Wednesday, August 13, 2008

Saber-Rattling and Iran

The White House secretly stepped up covert operations
inside Iran to destabilize its leadership.

Is he trying to start a war as an "October surprise?" It's no secret that he doesn't like either Obama or McCain. Is he trying to stick them with a fait accompli?

(And what is the Democratically-controlled Congress doing giving him this money? Didn't Iraq demonstrate that he can't be trusted? What a bunch of wimps.)

I'm not quite sure what to make of Iran's nuclear ambitions. I halfway think that they looked at the nifty deal that North Korea got and are looking to see how they can cash in.

Seymour Hersh's frightening article demonstrates just how little backbone the Democrats have. Find a backbone, guys. Bush seems to be a nut job who thinks that God wants him to start Armageddon in the Middle East.

some members of the Democratic leadership—Congress has been under Democratic control since the 2006 elections—were willing, in secret, to go along with the Administration in expanding covert activities directed at Iran, while the Party’s presumptive candidate for President, Barack Obama, has said that he favors direct talks and diplomacy.
The request for funding came in the same period in which the Administration was coming to terms with a National Intelligence Estimate, released in December, that concluded that Iran had halted its work on nuclear weapons in 2003. The Administration downplayed the significance of the N.I.E., and, while saying that it was committed to diplomacy, continued to emphasize that urgent action was essential to counter the Iranian nuclear threat.

Once again, Bush is saying that he knows more than the Intelligence professionals. I wonder how many times Cheney sent the NIE back for re-work? At least this time they stood up to him.

Secretary of Defense Gates met with the Democratic caucus in the Senate. (Such meetings are held regularly.) Gates warned of the consequences if the Bush Administration staged a preĆ«mptive strike on Iran, saying, as the senator recalled, “We’ll create generations of jihadists, and our grandchildren will be battling our enemies here in America.” Gates’s comments stunned the Democrats at the lunch, and another senator asked whether Gates was speaking for Bush and Vice-President Dick Cheney. Gates’s answer, the senator told me, was “Let’s just say that I’m here speaking for myself.”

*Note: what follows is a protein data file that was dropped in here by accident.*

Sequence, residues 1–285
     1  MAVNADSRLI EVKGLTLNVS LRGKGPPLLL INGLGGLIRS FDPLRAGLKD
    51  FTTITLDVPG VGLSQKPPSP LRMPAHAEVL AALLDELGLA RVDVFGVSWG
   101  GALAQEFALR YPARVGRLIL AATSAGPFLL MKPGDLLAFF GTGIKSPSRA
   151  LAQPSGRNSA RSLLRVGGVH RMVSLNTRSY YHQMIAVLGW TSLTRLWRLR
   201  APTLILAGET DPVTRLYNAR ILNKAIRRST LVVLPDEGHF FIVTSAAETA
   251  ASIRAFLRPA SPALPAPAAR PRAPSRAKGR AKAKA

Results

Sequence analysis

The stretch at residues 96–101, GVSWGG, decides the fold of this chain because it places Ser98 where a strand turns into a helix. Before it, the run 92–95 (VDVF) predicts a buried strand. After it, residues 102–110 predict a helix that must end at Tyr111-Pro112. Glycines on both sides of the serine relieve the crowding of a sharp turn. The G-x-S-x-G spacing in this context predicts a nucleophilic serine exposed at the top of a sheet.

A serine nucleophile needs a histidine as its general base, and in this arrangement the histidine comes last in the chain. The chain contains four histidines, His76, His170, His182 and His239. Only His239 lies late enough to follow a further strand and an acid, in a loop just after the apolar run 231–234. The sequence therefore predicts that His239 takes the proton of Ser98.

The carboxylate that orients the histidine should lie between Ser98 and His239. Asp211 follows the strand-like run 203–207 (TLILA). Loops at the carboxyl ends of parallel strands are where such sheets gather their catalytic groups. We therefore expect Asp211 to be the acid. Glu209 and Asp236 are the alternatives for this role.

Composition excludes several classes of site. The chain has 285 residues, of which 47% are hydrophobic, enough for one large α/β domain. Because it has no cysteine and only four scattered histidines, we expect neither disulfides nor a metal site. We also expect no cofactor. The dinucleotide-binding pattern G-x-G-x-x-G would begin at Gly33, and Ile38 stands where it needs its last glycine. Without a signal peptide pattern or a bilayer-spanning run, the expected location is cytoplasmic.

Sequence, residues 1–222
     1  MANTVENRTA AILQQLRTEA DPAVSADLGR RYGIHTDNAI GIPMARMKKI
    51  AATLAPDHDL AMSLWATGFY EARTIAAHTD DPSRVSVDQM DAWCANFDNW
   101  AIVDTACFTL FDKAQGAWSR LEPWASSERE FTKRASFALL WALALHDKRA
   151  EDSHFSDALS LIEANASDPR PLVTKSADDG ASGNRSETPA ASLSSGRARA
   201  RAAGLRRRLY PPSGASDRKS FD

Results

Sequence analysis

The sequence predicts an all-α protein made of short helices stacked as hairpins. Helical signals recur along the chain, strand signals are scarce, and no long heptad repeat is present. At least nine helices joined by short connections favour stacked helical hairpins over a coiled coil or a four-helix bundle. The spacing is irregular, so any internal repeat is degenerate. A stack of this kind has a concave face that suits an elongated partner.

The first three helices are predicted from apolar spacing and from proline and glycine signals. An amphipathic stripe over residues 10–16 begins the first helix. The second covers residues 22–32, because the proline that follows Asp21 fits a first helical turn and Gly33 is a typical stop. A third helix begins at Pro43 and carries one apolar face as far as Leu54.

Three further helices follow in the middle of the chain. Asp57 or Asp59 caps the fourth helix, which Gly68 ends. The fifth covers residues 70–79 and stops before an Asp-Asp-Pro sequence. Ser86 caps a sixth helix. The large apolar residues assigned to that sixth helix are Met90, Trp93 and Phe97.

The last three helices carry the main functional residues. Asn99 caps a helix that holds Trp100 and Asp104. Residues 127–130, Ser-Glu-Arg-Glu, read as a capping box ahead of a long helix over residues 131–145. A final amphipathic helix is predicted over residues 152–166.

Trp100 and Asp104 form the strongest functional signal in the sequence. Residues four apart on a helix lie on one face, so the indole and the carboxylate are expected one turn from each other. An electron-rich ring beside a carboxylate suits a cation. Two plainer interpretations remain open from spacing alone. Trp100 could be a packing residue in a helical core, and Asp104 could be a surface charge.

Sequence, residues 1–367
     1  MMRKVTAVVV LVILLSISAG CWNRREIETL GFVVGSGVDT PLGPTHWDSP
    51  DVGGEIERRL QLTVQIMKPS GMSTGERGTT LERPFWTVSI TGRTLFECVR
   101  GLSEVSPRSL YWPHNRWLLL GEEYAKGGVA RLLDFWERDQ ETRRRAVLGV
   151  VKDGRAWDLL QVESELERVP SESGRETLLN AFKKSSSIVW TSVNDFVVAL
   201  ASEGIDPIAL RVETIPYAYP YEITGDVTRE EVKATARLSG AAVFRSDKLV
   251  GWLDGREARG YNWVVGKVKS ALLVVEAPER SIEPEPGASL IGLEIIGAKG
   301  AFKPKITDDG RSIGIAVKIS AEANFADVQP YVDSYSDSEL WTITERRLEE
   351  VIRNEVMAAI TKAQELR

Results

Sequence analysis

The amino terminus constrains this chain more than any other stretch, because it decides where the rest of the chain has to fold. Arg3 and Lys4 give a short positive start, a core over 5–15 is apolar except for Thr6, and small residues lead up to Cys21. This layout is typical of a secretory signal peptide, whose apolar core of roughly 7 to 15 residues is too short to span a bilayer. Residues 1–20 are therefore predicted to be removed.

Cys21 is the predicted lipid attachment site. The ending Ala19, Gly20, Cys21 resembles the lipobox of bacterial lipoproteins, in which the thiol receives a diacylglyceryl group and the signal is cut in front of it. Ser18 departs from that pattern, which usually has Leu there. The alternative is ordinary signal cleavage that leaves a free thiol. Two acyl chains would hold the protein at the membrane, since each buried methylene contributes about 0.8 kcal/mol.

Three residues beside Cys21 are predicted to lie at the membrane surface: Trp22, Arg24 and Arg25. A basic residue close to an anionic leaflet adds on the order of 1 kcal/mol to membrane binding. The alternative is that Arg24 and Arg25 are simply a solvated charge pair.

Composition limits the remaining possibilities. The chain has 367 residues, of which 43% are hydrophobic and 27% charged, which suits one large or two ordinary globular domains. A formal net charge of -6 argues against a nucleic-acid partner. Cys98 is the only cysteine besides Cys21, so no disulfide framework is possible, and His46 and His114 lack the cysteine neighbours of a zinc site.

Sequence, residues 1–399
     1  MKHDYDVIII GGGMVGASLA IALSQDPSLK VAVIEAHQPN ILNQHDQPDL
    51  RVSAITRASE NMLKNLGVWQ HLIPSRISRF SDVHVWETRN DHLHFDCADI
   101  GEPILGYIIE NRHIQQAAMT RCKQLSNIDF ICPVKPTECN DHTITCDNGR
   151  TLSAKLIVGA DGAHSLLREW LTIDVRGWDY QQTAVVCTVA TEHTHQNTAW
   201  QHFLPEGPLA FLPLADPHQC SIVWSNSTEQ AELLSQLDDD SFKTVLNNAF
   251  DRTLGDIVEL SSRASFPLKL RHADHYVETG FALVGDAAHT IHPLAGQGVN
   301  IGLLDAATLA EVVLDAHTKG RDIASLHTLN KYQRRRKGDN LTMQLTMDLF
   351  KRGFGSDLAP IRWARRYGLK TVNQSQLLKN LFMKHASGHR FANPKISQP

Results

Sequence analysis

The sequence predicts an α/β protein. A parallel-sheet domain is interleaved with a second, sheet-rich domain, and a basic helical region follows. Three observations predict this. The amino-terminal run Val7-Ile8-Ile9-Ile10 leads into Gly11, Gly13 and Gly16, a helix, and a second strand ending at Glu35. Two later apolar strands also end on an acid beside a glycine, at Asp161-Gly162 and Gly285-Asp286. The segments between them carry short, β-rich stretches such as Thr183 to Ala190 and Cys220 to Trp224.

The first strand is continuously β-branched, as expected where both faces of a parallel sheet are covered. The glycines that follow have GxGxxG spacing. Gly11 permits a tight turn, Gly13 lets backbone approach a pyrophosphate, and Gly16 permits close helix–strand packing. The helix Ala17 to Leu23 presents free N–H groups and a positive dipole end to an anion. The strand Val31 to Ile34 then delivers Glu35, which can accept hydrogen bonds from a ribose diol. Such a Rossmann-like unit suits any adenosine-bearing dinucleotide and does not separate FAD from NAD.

Bush seems to think that we should also ignore the advice being given us by the military professionals. That would pretty much be in character.

In March, Fallon resigned under pressure, after giving a series of interviews stating his reservations about an armed attack on Iran. For example, late last year he told the Financial Times that the “real objective” of U.S. policy was to change the Iranians’ behavior, and that “attacking them as a means to get to that spot strikes me as being not the first choice.”

If you can't get the generals to go along, fire them.

The White House believes that one size fits all, but the legal issues surrounding extrajudicial killings in Waziristan are less of a problem because Al Qaeda and the Taliban cross the border into Afghanistan and back again, often with U.S. and NATO forces in hot pursuit. The situation is not nearly as clear in the Iranian case. All the considerations—judicial, strategic, and political—are different in Iran.”

He added, “There is huge opposition inside the intelligence community to the idea of waging a covert war inside Iran, and using Baluchis and Ahwazis as surrogates. The leaders of our Special Operations community all have remarkable physical courage, but they are less likely to voice their opposition to policy. Iran is not Waziristan.”